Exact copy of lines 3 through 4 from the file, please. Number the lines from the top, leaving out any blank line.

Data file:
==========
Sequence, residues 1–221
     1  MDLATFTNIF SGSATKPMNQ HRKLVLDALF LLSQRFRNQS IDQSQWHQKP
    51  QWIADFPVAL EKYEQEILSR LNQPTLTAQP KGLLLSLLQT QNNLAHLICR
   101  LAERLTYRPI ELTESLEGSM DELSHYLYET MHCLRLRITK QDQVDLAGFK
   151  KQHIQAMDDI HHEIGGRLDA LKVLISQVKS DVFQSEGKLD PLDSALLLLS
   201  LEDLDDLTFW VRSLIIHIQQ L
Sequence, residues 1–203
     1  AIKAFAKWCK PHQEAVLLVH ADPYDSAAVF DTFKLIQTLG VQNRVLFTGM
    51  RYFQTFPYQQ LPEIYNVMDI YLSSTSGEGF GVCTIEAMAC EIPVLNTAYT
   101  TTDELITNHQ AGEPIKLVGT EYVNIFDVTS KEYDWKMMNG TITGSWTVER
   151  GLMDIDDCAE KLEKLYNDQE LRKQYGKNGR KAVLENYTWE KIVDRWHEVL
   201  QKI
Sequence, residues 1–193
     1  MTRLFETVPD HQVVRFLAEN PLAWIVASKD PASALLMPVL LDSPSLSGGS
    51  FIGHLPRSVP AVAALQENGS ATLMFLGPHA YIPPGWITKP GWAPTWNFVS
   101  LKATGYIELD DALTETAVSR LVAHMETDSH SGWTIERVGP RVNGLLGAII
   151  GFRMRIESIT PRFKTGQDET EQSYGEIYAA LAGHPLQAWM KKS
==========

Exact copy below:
    51  QWIADFPVAL EKYEQEILSR LNQPTLTAQP KGLLLSLLQT QNNLAHLICR
   101  LAERLTYRPI ELTESLEGSM DELSHYLYET MHCLRLRITK QDQVDLAGFK